Medtronic and Medicrea announced they entered into a tender-offer agreement – unanimously approved by both companies’ Boards of Directors – to acquire all outstanding shares of Medicrea.
WHY IT MATTERS
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Medtronic says the acquisition means it will be able to offer AI-driven surgical planning, robotics-assisted surgery and personalized spinal implants.
Medicrea’s products include a range of spinal implants, along with a systems-based software using predictive modeling and simulated surgical strategies to support surgeons’ workflow.
“You can focus on your case with the optimized implant solutions ready before stepping foot into the O.R.,” says the company on its website.
According to Medicrea, its technologies have been used in more than 175,000 surgeries.
THE LARGER TREND
The acquisition is just the latest in Medtronic’s continued expansion. In December of last year, the Wilmington, Delaware-based ChristianaCare announced it would work with the company to collaborate on new strategies for technology-based intervention for patients.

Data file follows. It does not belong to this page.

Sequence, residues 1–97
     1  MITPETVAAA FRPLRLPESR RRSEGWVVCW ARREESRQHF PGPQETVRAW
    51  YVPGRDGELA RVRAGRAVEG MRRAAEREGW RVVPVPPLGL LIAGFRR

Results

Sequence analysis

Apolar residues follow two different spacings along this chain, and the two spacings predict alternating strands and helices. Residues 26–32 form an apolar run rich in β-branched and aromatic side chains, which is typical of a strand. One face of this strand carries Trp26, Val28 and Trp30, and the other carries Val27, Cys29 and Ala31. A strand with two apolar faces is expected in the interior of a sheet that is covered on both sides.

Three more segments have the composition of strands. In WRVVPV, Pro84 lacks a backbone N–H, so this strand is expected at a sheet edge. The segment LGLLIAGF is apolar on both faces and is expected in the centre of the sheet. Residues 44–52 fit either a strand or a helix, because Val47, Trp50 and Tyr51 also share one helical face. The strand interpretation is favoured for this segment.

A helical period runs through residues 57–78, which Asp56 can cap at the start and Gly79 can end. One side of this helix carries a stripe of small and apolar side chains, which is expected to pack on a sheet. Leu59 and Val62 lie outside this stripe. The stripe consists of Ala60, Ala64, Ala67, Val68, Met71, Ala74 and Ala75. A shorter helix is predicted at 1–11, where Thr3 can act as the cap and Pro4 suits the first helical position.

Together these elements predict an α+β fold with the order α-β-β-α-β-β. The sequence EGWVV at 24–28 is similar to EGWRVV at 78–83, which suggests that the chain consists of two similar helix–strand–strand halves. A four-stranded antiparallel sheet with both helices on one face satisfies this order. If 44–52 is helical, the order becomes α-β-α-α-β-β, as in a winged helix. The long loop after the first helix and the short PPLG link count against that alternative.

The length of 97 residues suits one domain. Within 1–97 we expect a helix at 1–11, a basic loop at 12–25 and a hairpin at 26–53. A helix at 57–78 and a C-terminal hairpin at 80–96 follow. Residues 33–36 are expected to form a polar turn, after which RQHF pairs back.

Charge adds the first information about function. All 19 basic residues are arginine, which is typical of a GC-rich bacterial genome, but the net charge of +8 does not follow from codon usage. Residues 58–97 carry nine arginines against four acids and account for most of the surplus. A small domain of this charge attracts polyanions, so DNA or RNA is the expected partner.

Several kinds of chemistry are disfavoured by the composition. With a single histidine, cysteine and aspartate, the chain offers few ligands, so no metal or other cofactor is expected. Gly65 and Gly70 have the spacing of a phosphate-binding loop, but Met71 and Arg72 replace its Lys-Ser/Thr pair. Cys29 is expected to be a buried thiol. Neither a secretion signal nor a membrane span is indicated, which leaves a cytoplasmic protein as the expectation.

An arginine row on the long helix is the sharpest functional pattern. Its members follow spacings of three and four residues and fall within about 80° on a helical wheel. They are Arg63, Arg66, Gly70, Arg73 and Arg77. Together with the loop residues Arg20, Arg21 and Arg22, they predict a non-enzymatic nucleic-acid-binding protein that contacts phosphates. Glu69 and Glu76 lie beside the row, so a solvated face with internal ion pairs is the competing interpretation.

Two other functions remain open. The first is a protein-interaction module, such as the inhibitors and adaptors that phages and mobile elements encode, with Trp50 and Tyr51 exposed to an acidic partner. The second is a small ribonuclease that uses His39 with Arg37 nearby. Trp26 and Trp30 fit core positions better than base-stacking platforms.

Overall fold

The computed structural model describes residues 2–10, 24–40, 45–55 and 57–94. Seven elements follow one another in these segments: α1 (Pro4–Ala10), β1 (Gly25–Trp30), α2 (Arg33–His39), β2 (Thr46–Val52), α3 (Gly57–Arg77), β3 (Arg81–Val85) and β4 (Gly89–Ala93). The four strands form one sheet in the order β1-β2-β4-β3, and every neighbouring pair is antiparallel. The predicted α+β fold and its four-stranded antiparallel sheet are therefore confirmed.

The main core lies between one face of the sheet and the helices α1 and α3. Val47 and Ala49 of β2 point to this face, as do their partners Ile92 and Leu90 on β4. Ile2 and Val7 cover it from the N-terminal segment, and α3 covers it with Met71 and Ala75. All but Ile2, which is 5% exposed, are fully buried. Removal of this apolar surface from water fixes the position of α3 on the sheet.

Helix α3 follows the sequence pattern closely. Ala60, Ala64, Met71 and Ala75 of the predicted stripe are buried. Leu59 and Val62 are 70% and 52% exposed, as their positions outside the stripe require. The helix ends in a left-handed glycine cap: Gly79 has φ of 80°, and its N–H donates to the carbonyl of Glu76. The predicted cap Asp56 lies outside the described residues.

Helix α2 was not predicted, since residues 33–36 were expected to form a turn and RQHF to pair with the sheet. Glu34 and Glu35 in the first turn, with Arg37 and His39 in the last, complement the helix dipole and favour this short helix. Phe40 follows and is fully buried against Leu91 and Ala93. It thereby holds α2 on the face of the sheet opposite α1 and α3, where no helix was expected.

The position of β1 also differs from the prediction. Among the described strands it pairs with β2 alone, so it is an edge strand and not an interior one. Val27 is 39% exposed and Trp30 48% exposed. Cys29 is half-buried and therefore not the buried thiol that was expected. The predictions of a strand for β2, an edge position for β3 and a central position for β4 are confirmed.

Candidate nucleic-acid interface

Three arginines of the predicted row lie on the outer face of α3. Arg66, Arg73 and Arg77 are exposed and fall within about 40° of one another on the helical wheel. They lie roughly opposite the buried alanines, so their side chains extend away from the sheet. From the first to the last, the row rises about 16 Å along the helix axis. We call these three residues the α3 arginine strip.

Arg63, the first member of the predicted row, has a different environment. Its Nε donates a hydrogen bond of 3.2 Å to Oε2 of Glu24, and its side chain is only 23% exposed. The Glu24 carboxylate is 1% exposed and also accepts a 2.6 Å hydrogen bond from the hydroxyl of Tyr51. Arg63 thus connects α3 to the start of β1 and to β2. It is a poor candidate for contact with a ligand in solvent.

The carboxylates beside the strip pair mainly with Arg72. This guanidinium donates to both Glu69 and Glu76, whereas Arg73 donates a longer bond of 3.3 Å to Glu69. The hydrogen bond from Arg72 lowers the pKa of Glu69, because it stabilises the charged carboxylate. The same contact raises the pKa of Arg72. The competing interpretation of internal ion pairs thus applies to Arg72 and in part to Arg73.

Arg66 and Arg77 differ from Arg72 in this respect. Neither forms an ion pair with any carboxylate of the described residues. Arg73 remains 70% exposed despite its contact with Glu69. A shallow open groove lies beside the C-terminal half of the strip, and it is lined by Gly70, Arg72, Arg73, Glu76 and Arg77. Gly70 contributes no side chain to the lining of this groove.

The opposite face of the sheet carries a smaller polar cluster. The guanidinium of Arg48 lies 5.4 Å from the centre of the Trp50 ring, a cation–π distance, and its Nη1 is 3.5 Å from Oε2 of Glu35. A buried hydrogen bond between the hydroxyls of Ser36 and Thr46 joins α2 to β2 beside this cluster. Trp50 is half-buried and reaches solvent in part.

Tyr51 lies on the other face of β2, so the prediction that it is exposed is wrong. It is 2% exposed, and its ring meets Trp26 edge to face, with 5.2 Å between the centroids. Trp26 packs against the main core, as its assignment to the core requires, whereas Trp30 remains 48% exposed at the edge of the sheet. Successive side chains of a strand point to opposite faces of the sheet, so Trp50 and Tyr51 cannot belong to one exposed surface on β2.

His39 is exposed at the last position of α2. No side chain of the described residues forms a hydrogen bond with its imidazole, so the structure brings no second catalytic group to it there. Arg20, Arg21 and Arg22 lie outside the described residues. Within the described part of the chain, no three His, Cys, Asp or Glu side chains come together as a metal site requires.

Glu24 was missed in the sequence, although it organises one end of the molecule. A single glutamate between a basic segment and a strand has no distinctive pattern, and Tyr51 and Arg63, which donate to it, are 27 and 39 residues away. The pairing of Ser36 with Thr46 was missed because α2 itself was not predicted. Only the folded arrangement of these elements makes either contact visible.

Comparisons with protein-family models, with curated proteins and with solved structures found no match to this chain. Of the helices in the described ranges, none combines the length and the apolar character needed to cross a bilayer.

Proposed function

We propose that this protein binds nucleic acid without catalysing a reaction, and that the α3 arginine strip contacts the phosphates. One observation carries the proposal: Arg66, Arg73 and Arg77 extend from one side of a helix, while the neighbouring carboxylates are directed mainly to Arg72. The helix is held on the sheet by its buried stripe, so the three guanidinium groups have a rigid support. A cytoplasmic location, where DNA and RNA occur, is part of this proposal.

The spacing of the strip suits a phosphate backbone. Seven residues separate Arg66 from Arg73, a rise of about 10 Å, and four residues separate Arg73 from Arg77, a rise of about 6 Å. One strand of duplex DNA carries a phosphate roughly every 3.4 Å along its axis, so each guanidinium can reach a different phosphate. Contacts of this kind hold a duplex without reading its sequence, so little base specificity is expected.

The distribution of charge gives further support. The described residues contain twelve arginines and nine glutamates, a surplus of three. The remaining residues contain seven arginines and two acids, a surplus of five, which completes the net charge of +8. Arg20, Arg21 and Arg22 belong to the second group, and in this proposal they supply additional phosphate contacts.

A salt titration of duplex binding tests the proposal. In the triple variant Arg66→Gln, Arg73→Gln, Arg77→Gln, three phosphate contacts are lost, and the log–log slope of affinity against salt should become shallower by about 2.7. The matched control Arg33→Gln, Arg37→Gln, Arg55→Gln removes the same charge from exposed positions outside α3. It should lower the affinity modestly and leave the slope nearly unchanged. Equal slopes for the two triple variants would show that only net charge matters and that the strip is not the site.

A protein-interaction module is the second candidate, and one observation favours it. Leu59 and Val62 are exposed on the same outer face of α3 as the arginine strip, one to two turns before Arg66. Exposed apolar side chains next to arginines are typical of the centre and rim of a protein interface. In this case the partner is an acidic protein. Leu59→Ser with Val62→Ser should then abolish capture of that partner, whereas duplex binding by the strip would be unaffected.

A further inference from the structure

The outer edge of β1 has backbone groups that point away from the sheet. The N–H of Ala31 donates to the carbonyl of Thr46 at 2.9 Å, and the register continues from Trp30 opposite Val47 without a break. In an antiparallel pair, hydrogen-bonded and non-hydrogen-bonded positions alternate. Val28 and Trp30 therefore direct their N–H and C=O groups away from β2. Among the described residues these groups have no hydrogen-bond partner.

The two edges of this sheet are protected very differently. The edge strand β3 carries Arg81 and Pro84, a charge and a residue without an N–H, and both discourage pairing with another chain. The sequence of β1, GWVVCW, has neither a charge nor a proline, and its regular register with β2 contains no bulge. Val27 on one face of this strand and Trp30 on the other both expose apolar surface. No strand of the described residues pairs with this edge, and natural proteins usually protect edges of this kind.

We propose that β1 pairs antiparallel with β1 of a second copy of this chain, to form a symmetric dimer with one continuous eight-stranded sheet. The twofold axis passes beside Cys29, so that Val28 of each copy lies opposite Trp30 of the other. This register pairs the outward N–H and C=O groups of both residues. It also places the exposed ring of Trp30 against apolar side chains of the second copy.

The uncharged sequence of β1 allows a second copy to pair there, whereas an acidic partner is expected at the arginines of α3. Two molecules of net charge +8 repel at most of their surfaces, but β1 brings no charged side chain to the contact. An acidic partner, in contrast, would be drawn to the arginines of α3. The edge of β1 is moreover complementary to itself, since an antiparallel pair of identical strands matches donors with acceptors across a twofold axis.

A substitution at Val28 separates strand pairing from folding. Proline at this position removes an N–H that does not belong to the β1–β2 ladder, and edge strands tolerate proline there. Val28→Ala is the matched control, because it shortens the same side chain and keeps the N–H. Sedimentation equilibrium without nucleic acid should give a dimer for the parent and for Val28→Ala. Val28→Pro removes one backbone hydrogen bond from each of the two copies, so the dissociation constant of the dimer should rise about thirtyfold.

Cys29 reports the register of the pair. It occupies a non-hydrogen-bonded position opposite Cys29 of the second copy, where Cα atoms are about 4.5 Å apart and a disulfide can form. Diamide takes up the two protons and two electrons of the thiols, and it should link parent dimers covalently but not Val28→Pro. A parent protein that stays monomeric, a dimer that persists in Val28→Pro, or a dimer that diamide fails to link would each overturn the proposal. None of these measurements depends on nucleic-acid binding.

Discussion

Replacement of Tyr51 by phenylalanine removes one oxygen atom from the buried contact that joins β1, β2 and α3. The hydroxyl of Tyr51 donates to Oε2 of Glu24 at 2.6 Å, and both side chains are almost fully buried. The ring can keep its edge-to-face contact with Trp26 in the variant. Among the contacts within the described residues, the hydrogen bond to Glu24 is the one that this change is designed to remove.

The company also gained FDA clearance earlier this month for its insertable cardiac monitor with remote programming, and clearance in June for its Deep Brain Stimulation system following the 2018 approval of its DBS programmer and app.
ON THE RECORD
“Combining Medtronic’s innovative portfolio of spine implants, robotics, navigation and 3D imaging technology with Medicrea’s capabilities and solutions in data analytics, artificial intelligence and personalized implants would enhance Medtronic’s fully-integrated procedural solution for surgical planning and delivery,” said Jacob Paul, Medtronic senior vice president, in a press statement.
“Spine surgery is one of the more complex procedures in healthcare because of the high number of different parameters to take into consideration. It is impossible for the human brain to compute all of them for one single patient,” said Medicrea CEO Denys Sournac in a statement.
“The medical world has been waiting for the arrival of customization in spinal surgery,” he added. “With scientific progress in understanding sagittal balance and spinal injury, combined with the advent of new digital technologies, it is now possible to offer spinal patients entirely customized implants.”
Kat Jercich is senior editor of Healthcare IT News.
Healthcare IT News is a HIMSS Media publication.
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